A replacement for oil has become a burning need in the 21st century. Ben-Gurion University of the Negev researchers in Israel have invented a process to make a green feed alternative for crude oil out of two of the most common substances on Earth – water and carbon dioxide, a greenhouse gas.
Profs. Moti Herskowitz (above), Miron Landau, Dr. Roxana Vidruk and their team have developed a green feed that can be converted using well-established technologies into liquid fuel and delivered using existing infrastructure to gas stations, Herskowitz tells Green Prophet.
“There is nothing magical about this. The problem here there are many solutions and we will go over that. We are discussing a time frame of 10 to 20 years down the road and the market will decide and the governments will decide which fuels and which kind of transportation modes will be viable,” he tells Green Prophet.
The process Herskowitz has developed operates under low pressure (not dangerous), using standard off the shelf reactor equipment, while the limiting factor is the production of hydrogen. His IP is the catalyst and process in the way that hydrogen and CO2 are reacted to produce hydrocarbons and a water byproduct.
As opposed to other alternative fuel sources, such as electric cars, which require additional infrastructure, this green feed made from water and CO2 would merely replace oil as the input for refineries, he says. Essentially, it could scrub CO2 as a fuel source directly from a power plant.
The process is patent pending, “and we are ready to take off,” demonstrate and commercialize it, asserts Herskowitz. Bench experiments have been conducted and scale-up should be relatively simple, he is sure.
Electrolysis is currently the only method for near-term commercial water splitting, the researchers note. The electricity required for the electrolysis could be produced from renewable sources such as solar or wind energy. Solar-energy based technologies for water splitting are being developed and could become technologically and economically viable on a large scale in the long term.
However, the cost of hydrogen produced by water splitting is still significantly higher than that produced from natural gas.
The researchers turn to ATR (auto-thermal reforming) and gasification technologies that combine other renewable or alternative sources with the oxygen produced from the water splitting. In such technologies, renewable feedstocks, such as bio-gas or biomass, are reacted with oxygen and water to produce a gas mixture containing carbon monoxide, carbon dioxide and hydrogen, known as syngas.
In the near term, the syngas could be replaced by natural gas, which is readily available at many locations at low cost.
In the BGU process, hydrogen produced from water is mixed with carbon dioxide captured from external sources and syngas. This gas mixture is fed into a reactor packed with a nano-structured solid catalyst – also developed at BGU – to produce the green feed, an organic liquid and a gas that contain reactive hydrocarbons.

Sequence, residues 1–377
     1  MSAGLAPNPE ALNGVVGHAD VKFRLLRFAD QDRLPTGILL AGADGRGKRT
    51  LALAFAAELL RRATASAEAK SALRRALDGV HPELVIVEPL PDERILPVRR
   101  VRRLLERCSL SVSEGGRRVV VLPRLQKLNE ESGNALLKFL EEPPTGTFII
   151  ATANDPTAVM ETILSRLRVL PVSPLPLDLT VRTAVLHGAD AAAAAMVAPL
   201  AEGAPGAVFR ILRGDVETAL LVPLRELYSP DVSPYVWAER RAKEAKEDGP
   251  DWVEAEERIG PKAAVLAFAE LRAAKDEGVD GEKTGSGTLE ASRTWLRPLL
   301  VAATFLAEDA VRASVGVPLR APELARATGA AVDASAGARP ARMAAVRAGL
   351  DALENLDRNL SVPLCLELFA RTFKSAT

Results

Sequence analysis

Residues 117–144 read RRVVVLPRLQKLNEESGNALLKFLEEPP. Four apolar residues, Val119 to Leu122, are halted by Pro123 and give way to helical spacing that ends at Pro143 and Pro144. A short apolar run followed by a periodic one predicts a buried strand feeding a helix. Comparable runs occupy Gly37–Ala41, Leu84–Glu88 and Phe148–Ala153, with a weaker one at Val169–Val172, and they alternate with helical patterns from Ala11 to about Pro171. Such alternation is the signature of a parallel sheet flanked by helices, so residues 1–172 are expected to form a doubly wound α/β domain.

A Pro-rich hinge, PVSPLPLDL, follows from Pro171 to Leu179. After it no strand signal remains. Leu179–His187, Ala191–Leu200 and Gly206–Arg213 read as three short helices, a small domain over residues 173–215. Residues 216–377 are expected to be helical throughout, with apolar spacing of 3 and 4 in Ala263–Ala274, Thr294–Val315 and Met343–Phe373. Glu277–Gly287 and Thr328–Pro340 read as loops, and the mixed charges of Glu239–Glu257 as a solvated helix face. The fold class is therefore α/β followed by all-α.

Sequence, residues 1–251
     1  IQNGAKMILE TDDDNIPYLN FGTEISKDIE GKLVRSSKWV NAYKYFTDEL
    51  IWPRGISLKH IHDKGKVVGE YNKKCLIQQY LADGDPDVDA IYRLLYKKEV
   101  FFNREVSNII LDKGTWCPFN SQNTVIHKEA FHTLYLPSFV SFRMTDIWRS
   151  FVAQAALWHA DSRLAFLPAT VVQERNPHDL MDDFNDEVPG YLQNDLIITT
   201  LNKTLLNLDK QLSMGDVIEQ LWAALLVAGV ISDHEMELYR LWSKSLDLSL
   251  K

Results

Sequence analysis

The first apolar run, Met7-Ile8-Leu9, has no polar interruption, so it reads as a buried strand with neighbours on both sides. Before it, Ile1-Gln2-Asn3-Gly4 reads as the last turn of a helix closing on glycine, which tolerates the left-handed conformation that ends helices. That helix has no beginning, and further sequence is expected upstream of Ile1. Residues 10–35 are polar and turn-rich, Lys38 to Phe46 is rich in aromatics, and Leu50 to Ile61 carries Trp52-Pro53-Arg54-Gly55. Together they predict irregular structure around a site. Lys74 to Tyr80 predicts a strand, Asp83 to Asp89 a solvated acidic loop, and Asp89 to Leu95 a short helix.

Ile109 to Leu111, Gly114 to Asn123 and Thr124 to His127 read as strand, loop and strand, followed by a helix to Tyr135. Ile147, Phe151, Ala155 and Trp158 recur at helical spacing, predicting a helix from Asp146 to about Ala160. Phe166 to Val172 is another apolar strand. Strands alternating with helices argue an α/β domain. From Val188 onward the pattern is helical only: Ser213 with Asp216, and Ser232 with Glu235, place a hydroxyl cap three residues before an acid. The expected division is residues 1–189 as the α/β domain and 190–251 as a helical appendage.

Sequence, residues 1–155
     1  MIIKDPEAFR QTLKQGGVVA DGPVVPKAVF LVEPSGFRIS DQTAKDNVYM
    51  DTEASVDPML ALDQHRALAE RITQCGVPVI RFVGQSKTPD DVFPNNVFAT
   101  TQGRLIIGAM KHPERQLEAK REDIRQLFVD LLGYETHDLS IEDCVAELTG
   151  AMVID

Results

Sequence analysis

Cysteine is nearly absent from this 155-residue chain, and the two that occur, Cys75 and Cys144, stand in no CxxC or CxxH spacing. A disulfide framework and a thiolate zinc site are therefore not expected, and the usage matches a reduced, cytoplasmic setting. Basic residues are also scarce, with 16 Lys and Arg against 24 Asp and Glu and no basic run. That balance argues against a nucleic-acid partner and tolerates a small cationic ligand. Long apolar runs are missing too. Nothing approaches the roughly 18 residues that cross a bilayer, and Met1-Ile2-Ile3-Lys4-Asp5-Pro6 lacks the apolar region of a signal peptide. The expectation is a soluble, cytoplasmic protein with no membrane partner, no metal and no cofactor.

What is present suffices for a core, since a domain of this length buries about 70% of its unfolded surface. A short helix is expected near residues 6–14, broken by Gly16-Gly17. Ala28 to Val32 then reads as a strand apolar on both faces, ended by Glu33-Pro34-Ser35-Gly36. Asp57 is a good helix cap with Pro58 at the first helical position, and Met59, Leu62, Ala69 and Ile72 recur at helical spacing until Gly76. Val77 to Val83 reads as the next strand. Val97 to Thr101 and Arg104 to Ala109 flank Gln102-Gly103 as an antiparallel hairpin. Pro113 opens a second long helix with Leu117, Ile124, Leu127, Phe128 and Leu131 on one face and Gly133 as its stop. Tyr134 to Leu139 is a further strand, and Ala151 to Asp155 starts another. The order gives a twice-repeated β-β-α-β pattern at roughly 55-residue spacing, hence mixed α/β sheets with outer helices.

The catalyst is based on iron, an abundant and low-cost material, but its structure differs from that of the iron catalyst used for the FTS process for conversion of syngas to hydrocarbons. The BGU process, which is designed specifically to facilitate high conversion of CO2, is operated at 300-340°C and 10-20 bars.
It yields over 1 kg of hydrocarbons / kg catalyst/ h, with over 90% CO2 conversion. No deactivation was recorded in runs that were conducted for over 500 h. The selectivity to active hydrocarbons that are converted to liquid fuels exceeded 80%. A patent application has been filed for both the catalyst and the process.
Herskowitz unveiled his revolutionary breakthrough at the Bloomberg Fuel Choices Summit in Tel Aviv in November.
“It is an extraordinary challenge to convert carbon dioxide and hydrogen to green feed,” says Herskowitz, “The technology is based on novel specially tailored catalysts and catalytic processes. Well-established, commercially available technology can be directly applied to the process developed at BGU.
“It is envisaged that the short-term implementation of the process will combine synthetic gas produced from various renewable and alternative sources with carbon dioxide and hydrogen. Since there are no foreseen technological barriers, the new process should become a reality within five to ten years,” he says.
Regarding other alternative fuels, Herskowitz maintains that his invention represents a game-changer. “The liquids that have been used over the past decade are ethanol (alcohol), biodiesel and/or blends of these fuels with conventional fuels, as will continue to be done in the foreseeable future.
“These alternatives are, however, far from ideal, and there is a pressing need for a game-changing approach to produce alternative drop-in liquid transportation fuels by sustainable, technologically viable and environmentally acceptable (in terms of GHG emission) processes from abundant, low-cost, renewable materials,” he says.